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Dr. Yvette Hutchison
Timetable: Two hour seminar on Tuesday 11:15-1.15, G56
One essay (3000 words) – 20% Class attendance & contribution: 10%
Research presentation – 50% (exam equivalent) Critique -20%
This module sets out to look at the implications of contemporary intercultural performance
practice in the context of globalisation in terms of form and focus. It aims to investigate the
relationship between theatre and culture in relation to identity construction and how it has
been affected by contemporary mobilities. It will consider:
Culture, and how is it constructed, particularly in relation to globalisation?
Dramatic and theatrical strategies as means of deconstructing cultural stereotypes,
and challenging conventional definitions of national cultures.
How context affects issues of language, identity, and reception of performance.
The implications of the way groups are represented – either as an essentialist
discourse (exclusively) or as a constructivist discourse (inclusively).
If we are working across cultures, languages and contexts, how the issues of
translation, exploitation, and representation affect performance practices between and
across cultures,
The relationship between the postcolonial and intercultural in the context of
globalisation and media.
Students will be introduced to a variety of dramatic and theatrical works that could be
described as intercultural, through analyses of examples of interactions between Asia, Africa
and Europe in twentieth century film and theatre. The module will offer interdisciplinery
theoretical frameworks to analyze these issues in and through theatre.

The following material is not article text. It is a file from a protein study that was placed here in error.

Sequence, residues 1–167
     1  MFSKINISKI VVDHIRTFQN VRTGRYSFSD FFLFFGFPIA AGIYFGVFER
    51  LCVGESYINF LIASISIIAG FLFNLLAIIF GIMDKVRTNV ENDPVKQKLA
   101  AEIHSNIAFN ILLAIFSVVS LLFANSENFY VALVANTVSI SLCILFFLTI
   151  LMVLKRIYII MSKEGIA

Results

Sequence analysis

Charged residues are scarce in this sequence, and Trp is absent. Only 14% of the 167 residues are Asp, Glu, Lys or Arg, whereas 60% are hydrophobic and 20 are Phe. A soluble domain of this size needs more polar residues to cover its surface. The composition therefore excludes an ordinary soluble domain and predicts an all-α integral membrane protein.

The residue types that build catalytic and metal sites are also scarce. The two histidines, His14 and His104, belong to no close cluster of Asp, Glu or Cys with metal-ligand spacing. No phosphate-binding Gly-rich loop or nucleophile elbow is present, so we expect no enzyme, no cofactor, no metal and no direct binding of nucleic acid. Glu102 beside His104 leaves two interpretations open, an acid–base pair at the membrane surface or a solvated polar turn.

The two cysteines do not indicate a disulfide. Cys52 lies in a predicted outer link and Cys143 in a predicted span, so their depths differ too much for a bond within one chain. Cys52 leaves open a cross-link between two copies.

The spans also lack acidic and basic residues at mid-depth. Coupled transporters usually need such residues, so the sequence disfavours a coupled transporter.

The learning outcomes of the module
On successful completion of the module students should be able to:
* demonstrate a critical analysis of cultural differences and to examine the processes of their
mediation through the various cultures;
* articulate an understanding of the concepts of (1) cultural in relation to identity and
aesthetics, (2) the difference between inter- and multiculturalism, and (3) the impact of
cultural imperialism and globalisation in relation to theatre production
* analyse how theatre can both reflect and challenge ideas of cultural representation and
* engage in research-led investigation of these ideas in both primary and secondary material
and communicate their findings both orally and in writing.
We will explore the course through
 focussed reading of primary and secondary material for each tutorial session
 Group discussion and presentation, including visual material and textual analysis
 Research in small groups for presentation in class, with some practical class work.
Prescribed texts:
Pavis, P. (ed.) 1996. The Intercultural performance Reader. London/ NY: Routledge.
Knowles, Ric. 2009. Theatre & Interculturalism. Palgrave.
David Henry Hwang 1989. M. Butterfly. Harmondsworth: Penguin.
Gilbert, Helen (ed.) 2001. Postcolonial Plays: an anthology. Routledge